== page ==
Generally speaking, laser marking is performed using one of two laser types and one of two types of laser positioning techniques. We will explore these as we consider the question: 'What is laser marking?'
Laser Types - The wavelength or color of the laser light determines what material can be marked with it. 1064 nanometer light is the best choice for marking all metals and many plastics. 1064 nanometer light is produced by YAG, YVO4 and Fiber lasers. Over the last several years, fiber lasers have begun to dominate sales of 1064 nanometer lasers because of size, efficiency, long life and durability. 10,600 nanometer light is produced by CO2 lasers and is the best choice for marking wood, many plastics and organic materials. Modern CO2 lasers also enjoy the benefits of size, efficiency, long life and durability.
The material being marked dictates the best type of laser to use. Although some materials work equally well with either type of laser, one type is generally vastly superior over the other type for a particular material. If you are marking metals, for example, there is no question that a 1064 nanometer fiber laser is the correct type of laser to use. If you are marking wood then there is no question that a 10,600 nanometer CO2 laser is the correct choice. There is no such thing as a laser that marks all materials well. IT DOES NOT EXIST.
Laser Positioning Techniques - Two types of positioning techniques are commonly used to position the laser beam over the part to be marked. One of these techniques is used in what are called “Flying Optics” Systems. The other technique is what is used in what are called “Beam Steered” Systems. Flying Optics Systems use a simple focusing lens that is attached to one axis of a gantry type positioning system. Both axes of the gantry system have mirrors mounted on them that always direct the laser beam into the focusing lens, regardless of the position of the gantry.
In Flying Optics Systems, parts are marked by moving the focusing lens with the gantry over the area of the part where marking is desired. Flying optics systems tend to be mechanically complex and moving the lens with the gantry system is relatively slow. An advantage of flying optics systems is that the gantry systems can be made large so that a large marking field can be obtained.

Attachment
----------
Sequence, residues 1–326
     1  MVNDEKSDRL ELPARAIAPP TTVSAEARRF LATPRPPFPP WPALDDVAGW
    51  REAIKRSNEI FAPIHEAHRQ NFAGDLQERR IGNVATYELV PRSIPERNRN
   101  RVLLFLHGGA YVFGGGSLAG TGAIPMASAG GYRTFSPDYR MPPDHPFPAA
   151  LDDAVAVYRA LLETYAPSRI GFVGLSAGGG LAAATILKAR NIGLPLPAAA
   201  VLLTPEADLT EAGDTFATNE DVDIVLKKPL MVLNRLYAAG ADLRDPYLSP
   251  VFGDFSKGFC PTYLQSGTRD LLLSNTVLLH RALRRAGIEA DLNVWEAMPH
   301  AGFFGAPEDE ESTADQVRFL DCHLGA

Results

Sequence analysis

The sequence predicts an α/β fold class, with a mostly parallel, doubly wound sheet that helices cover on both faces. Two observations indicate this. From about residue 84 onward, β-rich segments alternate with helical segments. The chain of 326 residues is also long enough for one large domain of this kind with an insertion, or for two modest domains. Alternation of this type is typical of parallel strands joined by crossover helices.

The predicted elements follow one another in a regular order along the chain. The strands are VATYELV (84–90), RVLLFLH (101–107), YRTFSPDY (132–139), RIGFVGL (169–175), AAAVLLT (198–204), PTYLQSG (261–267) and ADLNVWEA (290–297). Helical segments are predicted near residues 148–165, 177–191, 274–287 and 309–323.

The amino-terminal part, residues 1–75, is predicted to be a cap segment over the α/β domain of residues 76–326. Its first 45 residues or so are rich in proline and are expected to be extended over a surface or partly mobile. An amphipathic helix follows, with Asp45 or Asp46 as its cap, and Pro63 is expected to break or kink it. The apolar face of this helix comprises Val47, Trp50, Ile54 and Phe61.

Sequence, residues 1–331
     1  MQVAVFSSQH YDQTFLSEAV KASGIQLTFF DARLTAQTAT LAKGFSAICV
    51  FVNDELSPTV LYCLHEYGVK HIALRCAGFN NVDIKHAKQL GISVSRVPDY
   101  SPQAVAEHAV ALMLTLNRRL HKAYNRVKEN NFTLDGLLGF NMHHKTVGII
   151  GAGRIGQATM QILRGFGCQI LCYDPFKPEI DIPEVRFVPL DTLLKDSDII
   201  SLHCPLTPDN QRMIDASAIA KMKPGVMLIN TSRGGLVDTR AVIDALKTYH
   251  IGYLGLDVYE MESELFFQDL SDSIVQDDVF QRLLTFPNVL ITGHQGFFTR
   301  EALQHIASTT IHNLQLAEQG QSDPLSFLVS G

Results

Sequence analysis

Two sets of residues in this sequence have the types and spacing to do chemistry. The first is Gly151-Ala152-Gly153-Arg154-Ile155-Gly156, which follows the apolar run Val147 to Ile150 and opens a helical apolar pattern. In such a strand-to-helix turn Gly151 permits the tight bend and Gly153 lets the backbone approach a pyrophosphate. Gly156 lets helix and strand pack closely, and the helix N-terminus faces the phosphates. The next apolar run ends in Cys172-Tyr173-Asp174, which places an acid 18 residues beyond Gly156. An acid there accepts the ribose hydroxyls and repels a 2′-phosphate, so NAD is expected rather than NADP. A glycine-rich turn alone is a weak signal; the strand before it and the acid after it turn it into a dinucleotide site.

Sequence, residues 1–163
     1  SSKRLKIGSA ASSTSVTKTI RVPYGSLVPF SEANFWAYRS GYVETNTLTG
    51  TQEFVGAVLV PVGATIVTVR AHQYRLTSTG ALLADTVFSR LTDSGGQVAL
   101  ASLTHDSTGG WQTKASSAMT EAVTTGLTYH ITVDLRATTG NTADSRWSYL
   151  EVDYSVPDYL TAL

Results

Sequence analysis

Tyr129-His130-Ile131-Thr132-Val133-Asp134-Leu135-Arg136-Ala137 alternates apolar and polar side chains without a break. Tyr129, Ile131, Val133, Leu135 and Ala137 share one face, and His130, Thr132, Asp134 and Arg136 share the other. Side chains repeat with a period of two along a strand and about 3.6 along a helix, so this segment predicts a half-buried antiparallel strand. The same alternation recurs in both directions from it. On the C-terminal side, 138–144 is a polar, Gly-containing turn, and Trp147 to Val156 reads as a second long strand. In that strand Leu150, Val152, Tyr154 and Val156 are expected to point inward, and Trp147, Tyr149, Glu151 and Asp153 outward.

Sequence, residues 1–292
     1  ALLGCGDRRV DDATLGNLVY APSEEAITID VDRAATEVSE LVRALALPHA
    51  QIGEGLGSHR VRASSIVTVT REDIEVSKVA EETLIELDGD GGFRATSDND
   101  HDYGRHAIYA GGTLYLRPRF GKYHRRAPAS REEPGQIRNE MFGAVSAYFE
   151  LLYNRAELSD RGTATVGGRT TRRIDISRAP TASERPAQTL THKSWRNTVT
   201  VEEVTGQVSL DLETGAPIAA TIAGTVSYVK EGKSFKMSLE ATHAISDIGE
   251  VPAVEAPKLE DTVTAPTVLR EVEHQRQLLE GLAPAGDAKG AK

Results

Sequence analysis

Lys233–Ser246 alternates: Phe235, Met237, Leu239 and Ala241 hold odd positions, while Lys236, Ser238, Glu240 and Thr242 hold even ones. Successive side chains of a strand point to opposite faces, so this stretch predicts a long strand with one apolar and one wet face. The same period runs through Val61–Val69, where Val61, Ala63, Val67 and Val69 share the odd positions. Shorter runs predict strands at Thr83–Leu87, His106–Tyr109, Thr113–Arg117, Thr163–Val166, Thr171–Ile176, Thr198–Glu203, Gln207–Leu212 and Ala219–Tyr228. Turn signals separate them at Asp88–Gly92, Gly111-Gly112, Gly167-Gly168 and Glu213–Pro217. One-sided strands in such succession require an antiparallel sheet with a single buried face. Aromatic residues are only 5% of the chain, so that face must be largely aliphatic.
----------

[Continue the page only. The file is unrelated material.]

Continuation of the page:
Beam Steered systems use electro-magnetic galvanometers with mirrors on them to position the laser beam in the X and Y axes. The laser beam is focused onto the work surface by a more complex lens that allows the beam to focus throughout a plane under the lens rather than at just a single spot. By using the computer to control the position of the mirrors on the galvanometers, the focused laser beam can “draw” lines on the surface of the material to be marked anywhere within this plane.
Those lines can be in the form of text or graphical images. A disadvantage of steered beam systems is that they are limited to smaller marking areas than flying optics systems although the marking times are much faster. Steered beam positioning systems are also much less mechanically complex and require no maintenance or adjustment. Both types of laser beam positioning systems have applications that they are best suited for and neither one is perfect for all applications.
Either type of laser beam positioning system is available with either type of laser although 10600 nanometer CO2 systems are more commonly used with flying optics systems and 1064 nanometer Fiber lasers are more commonly used with beam steered systems. Because of the slow marking speed and large marking fields of flying optics systems, users typically rely on custom fixtures which can hold many parts at once and allow them be marked while the machine is unattended. Beam steered systems mark much faster and are frequently used by loading and marking one part at a time or connecting the system to some type of automatic feeding system that can communicate with the marker. Automation is all but impossible with flying optics systems.
Flying Optics systems act like dot matrix printers and are best suited for use with bit map (raster) images when marking. Each pixel in the bitmap image would be marked by a single laser pulse. Although most flying optics systems can also mark vector images, raster images provide more consistent results. Beam steered systems act like plotters and are best suited for vector images when marking. Although beam steered systems can also mark raster images, better results are generally obtained when vector files are used.
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